Then in mid-March, when the virus was spreading globally, North America went into lockdown and we started to have to do things differently. Our office staff of 80 employees began to work remotely from home. As a company, we are fairly technologically savvy with respect to what we do, but even so we weren’t prepared to have 80 people working from home full-time. We had to learn how to communicate effectively with each other from afar, how to handle customers, shipments and so forth. It was a tremendous learning curve and we had to keep the business flow as smooth as possible for our customers.
At the transloading facilities, meanwhile, business wasn’t slowing down. As panic set in and people started stocking up their pantries worldwide on dry food, demand for pulses was rising and our customers were pushing us to get product out. We actually had to hire more people because of pandemic-related demand. Interviewing and training new employees for logistics positions and the transloading divisions was a big challenge because, even though we fell into the essential services category which allowed us to continue operating, you still had to convince people to come to work while the government was instructing people to stay home.
It was a real challenge from an HR and operational perspective to keep the wheels of a facility turning with staff on edge and demand increasing. At Ray-Mont we are an integrated company. We work with our customers in up to three layers of the transaction: domestic logistics; freight forwarding and transloading. No one service is independent of the others, and if one fails, the entire supply chain folds
On the flip side, those of us working from home eventually found our groove and it could be said that we actually became more efficient working from home because you can isolate yourself in a bubble and get things done without distractions.
At the terminals we continue to be quite busy. During summer here in North America, our volumes typically decline, but this year they haven’t. We are also seeing a trend of more bagged products to different destinations, particularly in Latin America, as countries there look to stock up more on finished products rather than bulk commodities that are bagged later.
GPC: Is the increased volume you are seeing this summer due to a backlog caused by the pandemic in the spring?
Stephen: No. We actually experienced some of the busiest months in the history of Ray-Mont during the spring. There wasn’t any slow down to a degree. There were some challenges due to the lack of containers and vessel space in parts of March and April that were impacting fluidity, but the overall demand for pulses just kept spiking.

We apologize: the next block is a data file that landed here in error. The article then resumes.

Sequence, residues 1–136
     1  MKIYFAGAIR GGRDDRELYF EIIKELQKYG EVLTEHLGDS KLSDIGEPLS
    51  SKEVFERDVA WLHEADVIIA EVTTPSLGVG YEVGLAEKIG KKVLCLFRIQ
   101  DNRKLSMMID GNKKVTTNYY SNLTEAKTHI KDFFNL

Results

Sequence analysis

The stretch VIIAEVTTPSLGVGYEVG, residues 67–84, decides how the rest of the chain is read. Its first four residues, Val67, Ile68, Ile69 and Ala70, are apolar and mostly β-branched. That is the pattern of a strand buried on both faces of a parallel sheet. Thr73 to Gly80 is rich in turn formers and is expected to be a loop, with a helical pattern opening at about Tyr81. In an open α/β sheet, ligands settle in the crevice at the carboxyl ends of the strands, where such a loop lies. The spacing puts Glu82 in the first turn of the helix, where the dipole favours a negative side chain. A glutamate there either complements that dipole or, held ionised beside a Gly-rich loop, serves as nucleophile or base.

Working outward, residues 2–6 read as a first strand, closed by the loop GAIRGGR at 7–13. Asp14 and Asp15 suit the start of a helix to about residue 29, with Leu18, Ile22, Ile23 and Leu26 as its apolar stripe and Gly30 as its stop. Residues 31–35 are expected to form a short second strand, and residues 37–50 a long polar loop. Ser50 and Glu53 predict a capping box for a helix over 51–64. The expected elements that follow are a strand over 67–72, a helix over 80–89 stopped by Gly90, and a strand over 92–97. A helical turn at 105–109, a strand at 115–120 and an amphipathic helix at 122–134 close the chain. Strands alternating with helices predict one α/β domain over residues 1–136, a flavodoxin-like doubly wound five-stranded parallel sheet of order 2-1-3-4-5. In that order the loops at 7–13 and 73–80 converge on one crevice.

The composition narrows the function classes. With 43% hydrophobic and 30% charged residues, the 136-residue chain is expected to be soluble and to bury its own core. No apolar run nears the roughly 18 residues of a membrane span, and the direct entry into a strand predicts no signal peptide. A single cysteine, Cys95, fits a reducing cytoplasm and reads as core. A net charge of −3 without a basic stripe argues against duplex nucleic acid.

Now with India lifting tariffs on lentils, there is another push to get that cargo to destination before the end of August when those tariffs go back into effect. In addition, Ray-Mont is the designated agent for the World Food Programme in Canada, and we’ve seen our volumes with them increase significantly because of the pandemic. We’ve moved a good number of containers in the past few months and there are more scheduled for the balance of summer.
GPC: What new and exciting developments do you see happening in the logistics industry?
Stephen: There’s a couple of things. Like I stressed earlier, technology has evolved. That’s been one of the biggest factors over the past 20 years. However, it has not evolved in the logistics industry to the same extent as it has globally. We are still using paper bills of lading for the most part. There’s a lot of manual transactions still taking place. The industry as a whole has a lot of catching up to do, especially on the ocean freight side. We are probably 10 years behind the air transport or travel industries with respect to what we can do to make things more fluid and efficient. I think COVID-19 exposed this.
So, I expect to see more of an accelerated push towards making shipments more transactionally fluid as the industry progresses to more electronic means of communication, documentation, EDI and the electronic data transfer of information.
Also, how do we continue to evolve as a company at the pace that the world is evolving to make sure that not only can we execute as a company, but the current staff and the next generation are evolving along with the logistics industry as well? For example, why aren’t operational systems touchscreen? There is a whole generation growing up with tablets and touchscreen computers. I think we are going to see a lot of changes in operating software to attract the next generation of talent
With that being said, another big challenge the industry faces is competition from sources that we don’t commonly see as logistics companies right now. We have to adapt and stay ahead of the curve because sometimes the competition you don’t see coming can be a major market disruptor. Take Amazon, for example, and their entrance into the food market. Five years ago, no one saw that coming. What if Amazon or Google or someone of that nature decides to get into the logistics business or the ocean freight busines? With tech companies like that, should we be imagining different ways to deliver product, like the use of drones or the hyperloop to move cargo? There’s also the BOXBAY container storage concept that DP World is building in Dubai.
Going forward, today’s wave of new technologies is going to open up exciting ways to be more creative and more fluid.